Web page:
Three generations of children fill my heart. I am blessed and thankful for the opportunity to love them.

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Comforting Traditions


I have come to the undeniable conclusion that I am turning into a pack rat. (shudder) I figured that out by taking a look at the exterior of my refrigerator this morning. It had become, one bit of stuff at a time, the standard hoarding place for magnets. Under those magnets were photos, old phone numbers, ancient appointment cards from all sorts of places, bits and pieces of tools, keys, reminders, sticky notes, and plain old STUFF that should have long since gone into the rubbish bin. There were some great things on there too, like the drawings made for me by my grandchildren – two years ago, and a few of the awards Crystal got when she was doing martial arts, when we lived in Virginia – six years ago or more. But most of it was just stuff we all got too lazy to throw away.

What wasn’t on the refrigerator, was our yearly calendar – something that was a mainstay in our home for the past 41 years. Our lives went on the calendar, and when it got too busy, everyone ended up with a different color pen to write in their events, just to keep straight who I was taking to the soccer practice, and who was going to be dropped off to hang out with a friend. School assignments from the class syllabus went on there too, so I could stay on top of what next important project had to be finished first, or when a big exam was coming up. That way I could do the Mom thing, that makes our kids hate us, and nag them to get it done.

Calendars used to be important. At least they were when I was first married and then raising my boys. Now everyone has a smart phone, or PDA, or laptop, or an i Pad. Who needs something hanging on the fridge or bulletin board that has cheesy pictures or boring sayings leaching down the pages, when they can download, upload, tweet, text, FB, or set up the phone to ring an alarm to remind them of the things going on in their lives? Yet another casualty to the advent of the every changing tech world.

When I was a little girl, getting a new calendar each new year was a big deal. At first we got one from the garage where my granddad worked, but when we got old enough to know when the picture of the girls on each month were, shall we say, a bit saucy, my Grannie would get one from the grocery store for free. It was boring, and didn’t have many things worth looking at other than the food we knew we couldn’t afford.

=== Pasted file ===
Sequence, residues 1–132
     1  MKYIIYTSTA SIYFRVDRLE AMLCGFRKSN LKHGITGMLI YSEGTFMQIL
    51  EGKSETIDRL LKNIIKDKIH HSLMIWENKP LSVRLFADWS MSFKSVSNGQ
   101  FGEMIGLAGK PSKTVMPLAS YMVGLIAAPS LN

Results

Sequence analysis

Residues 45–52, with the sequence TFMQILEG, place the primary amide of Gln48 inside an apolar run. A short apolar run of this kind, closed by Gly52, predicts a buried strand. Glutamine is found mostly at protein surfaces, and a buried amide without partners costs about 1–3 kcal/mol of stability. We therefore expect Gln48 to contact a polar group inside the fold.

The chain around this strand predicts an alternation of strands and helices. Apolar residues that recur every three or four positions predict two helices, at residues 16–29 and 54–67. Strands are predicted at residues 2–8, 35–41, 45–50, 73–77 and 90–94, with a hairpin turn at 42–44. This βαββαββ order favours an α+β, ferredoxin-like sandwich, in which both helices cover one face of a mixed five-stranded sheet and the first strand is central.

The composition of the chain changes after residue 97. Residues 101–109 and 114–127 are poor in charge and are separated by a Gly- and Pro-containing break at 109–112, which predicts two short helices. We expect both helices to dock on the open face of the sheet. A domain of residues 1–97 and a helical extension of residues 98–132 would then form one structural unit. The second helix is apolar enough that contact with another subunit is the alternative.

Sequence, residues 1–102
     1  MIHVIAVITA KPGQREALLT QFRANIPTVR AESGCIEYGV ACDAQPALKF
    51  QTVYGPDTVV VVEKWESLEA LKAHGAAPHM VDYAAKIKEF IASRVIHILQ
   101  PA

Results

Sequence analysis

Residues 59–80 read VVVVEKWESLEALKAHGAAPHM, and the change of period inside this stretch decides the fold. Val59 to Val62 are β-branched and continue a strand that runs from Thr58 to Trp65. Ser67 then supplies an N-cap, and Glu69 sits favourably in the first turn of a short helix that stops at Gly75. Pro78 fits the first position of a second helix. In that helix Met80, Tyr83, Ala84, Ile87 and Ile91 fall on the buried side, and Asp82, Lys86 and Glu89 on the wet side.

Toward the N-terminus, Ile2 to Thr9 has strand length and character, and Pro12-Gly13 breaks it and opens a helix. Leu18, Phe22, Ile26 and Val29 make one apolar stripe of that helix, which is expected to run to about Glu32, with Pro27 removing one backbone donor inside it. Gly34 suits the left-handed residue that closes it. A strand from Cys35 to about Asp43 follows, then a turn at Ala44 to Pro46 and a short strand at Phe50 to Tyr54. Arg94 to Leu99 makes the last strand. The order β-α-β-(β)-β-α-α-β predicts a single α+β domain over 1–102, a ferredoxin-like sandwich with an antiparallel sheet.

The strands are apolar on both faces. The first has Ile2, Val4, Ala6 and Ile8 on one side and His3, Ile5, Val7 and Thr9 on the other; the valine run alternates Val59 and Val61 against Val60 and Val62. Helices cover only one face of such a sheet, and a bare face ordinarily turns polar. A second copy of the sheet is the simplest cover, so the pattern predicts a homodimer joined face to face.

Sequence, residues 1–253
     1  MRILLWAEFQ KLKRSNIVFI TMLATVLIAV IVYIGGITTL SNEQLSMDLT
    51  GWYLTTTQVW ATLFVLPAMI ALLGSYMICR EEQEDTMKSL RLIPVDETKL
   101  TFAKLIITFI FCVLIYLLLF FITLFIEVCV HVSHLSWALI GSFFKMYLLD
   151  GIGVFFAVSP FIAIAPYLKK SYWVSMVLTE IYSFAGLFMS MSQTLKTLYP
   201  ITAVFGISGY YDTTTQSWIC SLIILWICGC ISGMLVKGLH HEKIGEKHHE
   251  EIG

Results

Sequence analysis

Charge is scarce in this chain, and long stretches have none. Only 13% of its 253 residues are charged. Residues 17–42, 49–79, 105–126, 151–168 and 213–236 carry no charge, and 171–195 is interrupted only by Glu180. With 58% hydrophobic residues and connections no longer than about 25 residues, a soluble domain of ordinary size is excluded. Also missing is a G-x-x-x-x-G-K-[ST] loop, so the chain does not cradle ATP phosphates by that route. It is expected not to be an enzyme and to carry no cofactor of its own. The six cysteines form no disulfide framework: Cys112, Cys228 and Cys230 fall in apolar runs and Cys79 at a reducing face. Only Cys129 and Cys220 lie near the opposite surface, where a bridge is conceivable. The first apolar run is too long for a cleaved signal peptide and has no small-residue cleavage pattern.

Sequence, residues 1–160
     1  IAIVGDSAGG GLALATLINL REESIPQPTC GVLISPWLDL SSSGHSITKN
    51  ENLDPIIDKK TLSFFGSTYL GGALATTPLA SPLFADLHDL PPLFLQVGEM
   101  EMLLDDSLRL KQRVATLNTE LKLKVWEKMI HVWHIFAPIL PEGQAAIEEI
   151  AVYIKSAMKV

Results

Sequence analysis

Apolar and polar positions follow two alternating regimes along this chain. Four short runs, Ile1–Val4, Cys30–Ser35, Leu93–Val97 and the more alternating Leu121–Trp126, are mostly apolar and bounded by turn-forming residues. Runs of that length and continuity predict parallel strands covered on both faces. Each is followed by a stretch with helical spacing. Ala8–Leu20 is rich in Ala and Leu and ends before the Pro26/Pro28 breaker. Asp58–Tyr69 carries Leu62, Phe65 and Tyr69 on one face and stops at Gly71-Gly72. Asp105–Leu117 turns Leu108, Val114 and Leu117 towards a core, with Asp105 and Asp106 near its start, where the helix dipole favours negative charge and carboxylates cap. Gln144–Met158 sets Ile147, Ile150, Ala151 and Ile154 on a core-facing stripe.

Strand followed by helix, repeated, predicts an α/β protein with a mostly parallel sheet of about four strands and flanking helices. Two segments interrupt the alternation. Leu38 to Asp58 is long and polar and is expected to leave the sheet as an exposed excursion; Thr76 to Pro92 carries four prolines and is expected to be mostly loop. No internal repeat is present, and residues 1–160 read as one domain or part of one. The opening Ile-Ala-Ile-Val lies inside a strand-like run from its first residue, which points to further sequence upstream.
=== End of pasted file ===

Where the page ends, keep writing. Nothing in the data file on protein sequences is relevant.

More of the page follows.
The first time I got a calendar for Christmas, I was thrilled! I was allowed to put everyone’s birthday, important dates, and appointments in the blocks under the pretty picture. It was so exciting to be able to cross off days for big days and events. My first calendar was all about Pioneers who settled in Oklahoma and the west. Old photographs, drawings, and on the page for September, a map that I studied until the page fell out. That was when I realized the world was massive, and to find my way around I would need to understand maps. I am still a map junky. Forget Map Quest of any of the maps on line, give me a paper map with a million details and I go anywhere my dreams take me.

I’ve had calendars with cats, dogs, horses, Harley Davidson Motorcycles, cute kids, bratty kids, dolls, Scouting, guns, cartoons, castles, great writers, great artists, and much more gracing the months and edifying those who take the time to read the words on them. One of my favorites was a calendar that Riley made for me in Cub Scouts. Each month had a finger print or hand print turned into an animal on it. It was stapled at the top, and not all of the boxes were straight, but I loved that calendar and used it for the whole year.

So, this year, I bought a calendar with silly cartoon cats doing all sorts of obnoxious things. I wrote in everyone’s birthdays, added a few anniversaries, big events, and goals. Now that my refrigerator is DE-junked, I have put it on the front with huge magnets that will hold it all year. Now I feel organized and a bit more in control. Like comfort food, comfortable traditions can make our world right in the midst of change and chaos. All I have to do now, is keep everyone else from using it for the family bulletin board and a place to stick stuff they don’t want to take the time to put away.